Calling the trial “the most important case in Georgia history,” Ronald Carlson, chair of law emeritus at the University of Georgia, said prosecutors were wise in not overplaying the racial dimensions of the case.
The decision to “focus on the facts of this homicide” played well with the jury, he said.
The killing had drawn comparisons to the 2012 shooting death in Florida of Trayvon Martin, a Black 17-year-old whose killer, George Zimmerman, claimed self-defense and was acquitted of murder and manslaughter charges.
But in contrast to that case, jurors were able to watch the Arbery killing for themselves. The most important evidence presented during the trial was grainy cellphone video shot by Bryan as he drove his pickup in pursuit of Arbery.
Arbery can be seen running along a sun-dappled street shaded by live oak trees toward a parked pickup truck. Gregory McMichael is standing up in the truck bed with a handgun, and Travis McMichael stands beside the open driver’s-side door holding a shotgun.
As Arbery runs past the truck on the passenger side, the camera pans away and then shows Arbery swerving to the left and disappearing briefly from view behind the truck.
A gunshot rings out, and Arbery can be seen on the driver’s side tussling with Travis McMichael over the gun. A second shot rings out, and Arbery wrestles with McMichael. A third shot is fired at point-blank range, and Arbery stumbles to the ground.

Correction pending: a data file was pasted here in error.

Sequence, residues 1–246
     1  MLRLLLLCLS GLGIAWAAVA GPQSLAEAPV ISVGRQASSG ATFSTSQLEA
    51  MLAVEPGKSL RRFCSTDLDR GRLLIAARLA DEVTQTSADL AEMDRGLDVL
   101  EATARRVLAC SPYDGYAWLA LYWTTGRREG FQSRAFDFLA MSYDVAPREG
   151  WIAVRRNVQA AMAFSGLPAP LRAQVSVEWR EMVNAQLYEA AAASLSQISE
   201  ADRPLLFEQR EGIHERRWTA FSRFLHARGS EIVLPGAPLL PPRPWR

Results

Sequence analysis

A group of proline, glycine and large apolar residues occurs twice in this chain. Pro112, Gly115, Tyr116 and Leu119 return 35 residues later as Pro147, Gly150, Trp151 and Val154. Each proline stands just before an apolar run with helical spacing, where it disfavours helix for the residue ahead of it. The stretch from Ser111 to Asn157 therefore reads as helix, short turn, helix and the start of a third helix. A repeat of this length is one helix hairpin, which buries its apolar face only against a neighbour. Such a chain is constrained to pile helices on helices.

The jury was also presented with security camera videos showing Arbery entering a home under construction in the neighborhood multiple times in the months leading up to Feb. 23 — the last time just minutes before he was shot dead.
The jury had to grapple with key questions: Why did the three men pursue Arbery? Did they have a legal right to carry out a citizen’s arrest? Did Travis McMichael act in self-defense?
Under Georgia’s citizen’s arrest law — an 1863 statute that was repealed six months ago but still applied in the trial because it was in effect at the time of the shooting — it was legal for an ordinary person to detain somebody only when there was reasonable suspicion that a felony had been committed.
Defense attorneys argued that Arbery was “not an innocent victim” and that the defendants reasonably believed that he had carried out burglaries in their neighborhood.
Prosecutors said the three men made “assumptions” about Arbery, had no evidence he had committed a crime and gave chase “because he was a Black man running down the street.”
As they deliberated in the Glynn County courthouse, jurors had to sort through a lengthy indictment with complex, interlocking charges.
Prosecutors charged the three defendants not just individually but as “parties concerned in the commission of a crime,” meaning that if the jury found that one man committed a felony, it could convict them all of that crime.
Only Travis McMichael was convicted on the most serious charge of malice murder, which means the jury determined that he intended to kill Arbery.
All three defendants were found guilty of felony murder, a killing that occurs during the commission of another felony, as well as aggravated assault, false imprisonment and criminal attempt to commit a felony.
As Linda Dunikoski, the lead prosecutor, emerged from the courtroom after the verdict, the crowd greeted her with whoops and applause.
“The verdict was a verdict based on the facts, based on the evidence,” she said. “The jury system works in this country.”
Benjamin Crump, a lawyer representing Arbery’s father, Marcus, told reporters: “The spirit of Ahmaud defeated the lynch mob.”